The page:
The Pull: The Fish That Haunts My Dreams
It’s 6:30AM and I’m lost. Wandering through a train station in downtown Edinburgh, Scotland, I’m frantically reading signs for the correct train platform that will take me to Dalmeny station where my guide for the day will be picking me up. I’m thankful the signs are in English after a few days in Holland, but I’m still lost. My wander turns to a power-walk, then to a light jog. It’s the 19th of September, the day of Queen Elizabeth’s funeral. This means that most shops are closed and the train station is all but a ghost town. If I miss this train, there won’t be another for at least an hour due to limited services in observance of the Queen.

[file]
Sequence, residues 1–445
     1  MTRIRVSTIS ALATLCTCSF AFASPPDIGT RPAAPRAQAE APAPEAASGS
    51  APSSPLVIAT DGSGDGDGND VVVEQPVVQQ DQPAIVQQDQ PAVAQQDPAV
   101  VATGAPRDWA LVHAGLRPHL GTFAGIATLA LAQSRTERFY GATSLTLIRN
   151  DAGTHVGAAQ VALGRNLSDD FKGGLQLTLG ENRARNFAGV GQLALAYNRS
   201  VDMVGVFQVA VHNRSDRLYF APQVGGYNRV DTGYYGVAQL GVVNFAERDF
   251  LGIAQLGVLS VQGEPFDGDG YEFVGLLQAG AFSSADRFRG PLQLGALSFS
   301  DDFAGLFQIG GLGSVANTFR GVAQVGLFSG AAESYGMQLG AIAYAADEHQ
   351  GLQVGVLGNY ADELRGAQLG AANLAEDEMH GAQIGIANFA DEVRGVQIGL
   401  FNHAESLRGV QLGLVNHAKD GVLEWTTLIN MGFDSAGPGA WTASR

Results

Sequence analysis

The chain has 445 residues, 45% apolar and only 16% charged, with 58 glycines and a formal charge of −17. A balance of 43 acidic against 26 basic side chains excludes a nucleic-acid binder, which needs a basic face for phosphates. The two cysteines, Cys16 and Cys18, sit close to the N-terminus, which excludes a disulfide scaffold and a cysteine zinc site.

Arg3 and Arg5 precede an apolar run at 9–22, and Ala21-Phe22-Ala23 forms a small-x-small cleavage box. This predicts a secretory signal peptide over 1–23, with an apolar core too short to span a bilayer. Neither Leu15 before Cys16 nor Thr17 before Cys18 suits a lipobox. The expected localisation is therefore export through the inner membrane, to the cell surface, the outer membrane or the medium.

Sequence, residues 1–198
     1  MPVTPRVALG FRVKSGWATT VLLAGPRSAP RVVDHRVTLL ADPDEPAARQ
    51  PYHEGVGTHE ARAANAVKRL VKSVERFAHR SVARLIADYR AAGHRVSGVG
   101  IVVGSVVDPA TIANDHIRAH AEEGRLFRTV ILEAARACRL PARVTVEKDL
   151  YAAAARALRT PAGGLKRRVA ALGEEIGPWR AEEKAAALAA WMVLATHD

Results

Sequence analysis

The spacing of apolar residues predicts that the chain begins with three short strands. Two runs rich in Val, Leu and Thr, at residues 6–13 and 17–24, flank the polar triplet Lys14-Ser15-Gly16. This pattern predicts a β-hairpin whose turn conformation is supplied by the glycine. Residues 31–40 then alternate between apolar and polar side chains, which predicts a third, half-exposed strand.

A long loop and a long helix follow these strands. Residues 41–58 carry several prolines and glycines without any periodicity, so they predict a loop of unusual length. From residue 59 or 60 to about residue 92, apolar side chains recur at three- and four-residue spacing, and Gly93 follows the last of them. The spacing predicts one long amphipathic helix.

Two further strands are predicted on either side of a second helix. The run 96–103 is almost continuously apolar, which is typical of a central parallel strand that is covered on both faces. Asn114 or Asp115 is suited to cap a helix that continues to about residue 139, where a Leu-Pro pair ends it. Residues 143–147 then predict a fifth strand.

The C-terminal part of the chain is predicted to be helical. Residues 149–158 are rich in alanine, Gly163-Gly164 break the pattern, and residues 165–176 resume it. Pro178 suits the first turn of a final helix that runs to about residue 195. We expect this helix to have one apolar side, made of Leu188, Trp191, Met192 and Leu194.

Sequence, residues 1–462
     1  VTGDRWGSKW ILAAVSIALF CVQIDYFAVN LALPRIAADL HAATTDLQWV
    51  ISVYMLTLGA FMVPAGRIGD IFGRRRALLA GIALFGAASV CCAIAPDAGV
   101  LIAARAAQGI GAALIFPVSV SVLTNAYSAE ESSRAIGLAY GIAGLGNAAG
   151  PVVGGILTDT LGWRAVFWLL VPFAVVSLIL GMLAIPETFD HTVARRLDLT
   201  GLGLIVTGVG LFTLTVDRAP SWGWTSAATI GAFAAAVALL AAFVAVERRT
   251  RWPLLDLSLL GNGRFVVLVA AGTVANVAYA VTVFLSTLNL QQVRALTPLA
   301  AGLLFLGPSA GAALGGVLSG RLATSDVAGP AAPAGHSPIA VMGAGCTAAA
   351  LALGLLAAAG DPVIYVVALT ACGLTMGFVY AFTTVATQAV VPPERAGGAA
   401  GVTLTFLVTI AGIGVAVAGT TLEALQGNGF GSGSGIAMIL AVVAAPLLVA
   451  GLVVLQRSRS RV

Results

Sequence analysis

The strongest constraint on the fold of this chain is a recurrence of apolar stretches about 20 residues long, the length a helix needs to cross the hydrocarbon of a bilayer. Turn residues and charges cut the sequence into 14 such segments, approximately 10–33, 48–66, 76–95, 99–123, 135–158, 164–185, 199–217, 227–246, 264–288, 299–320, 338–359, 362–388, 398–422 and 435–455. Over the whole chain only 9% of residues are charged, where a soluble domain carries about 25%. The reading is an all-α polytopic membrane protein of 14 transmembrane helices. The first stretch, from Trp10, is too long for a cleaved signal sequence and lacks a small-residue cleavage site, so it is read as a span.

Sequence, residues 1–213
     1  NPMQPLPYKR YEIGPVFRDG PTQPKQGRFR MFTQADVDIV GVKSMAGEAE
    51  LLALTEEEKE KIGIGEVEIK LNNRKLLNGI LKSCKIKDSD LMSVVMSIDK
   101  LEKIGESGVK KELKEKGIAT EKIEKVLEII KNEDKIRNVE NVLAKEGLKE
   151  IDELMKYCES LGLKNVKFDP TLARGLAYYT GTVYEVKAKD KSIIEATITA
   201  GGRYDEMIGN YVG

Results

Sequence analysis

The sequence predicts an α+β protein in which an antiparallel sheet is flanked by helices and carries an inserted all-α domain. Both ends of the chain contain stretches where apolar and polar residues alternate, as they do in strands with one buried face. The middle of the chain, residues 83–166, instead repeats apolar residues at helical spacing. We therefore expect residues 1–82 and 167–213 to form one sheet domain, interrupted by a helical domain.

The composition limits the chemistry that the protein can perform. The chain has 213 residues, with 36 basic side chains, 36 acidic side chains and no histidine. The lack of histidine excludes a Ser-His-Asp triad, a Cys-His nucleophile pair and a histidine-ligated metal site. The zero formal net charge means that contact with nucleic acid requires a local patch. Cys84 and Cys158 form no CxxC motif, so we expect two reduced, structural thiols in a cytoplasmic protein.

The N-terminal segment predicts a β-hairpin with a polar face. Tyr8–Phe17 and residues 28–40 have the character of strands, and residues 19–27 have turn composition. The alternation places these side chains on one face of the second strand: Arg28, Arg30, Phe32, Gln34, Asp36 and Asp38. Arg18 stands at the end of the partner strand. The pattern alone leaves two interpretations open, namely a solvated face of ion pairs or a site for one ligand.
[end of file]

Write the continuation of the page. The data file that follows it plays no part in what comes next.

I find a train station worker that I can ask for help. “I’m looking for platform 18 - the train headed to Dalmeny.” Luckily, the man points in the correct direction while talking in a heavy Scottish accent. I’m reminded that although we both speak English, it’s a very different English. I’m straining to understand as much as I can, a common theme for the week in Scotland that gives me a much better view of just how big the world truly is.
I arrive in Dalmeny on time, somehow, and my guide is soon pulling into the parking lot. I walk towards what I think is the passenger side of the car only to be reminded that they drive on the other side of the road here - another common theme for the week.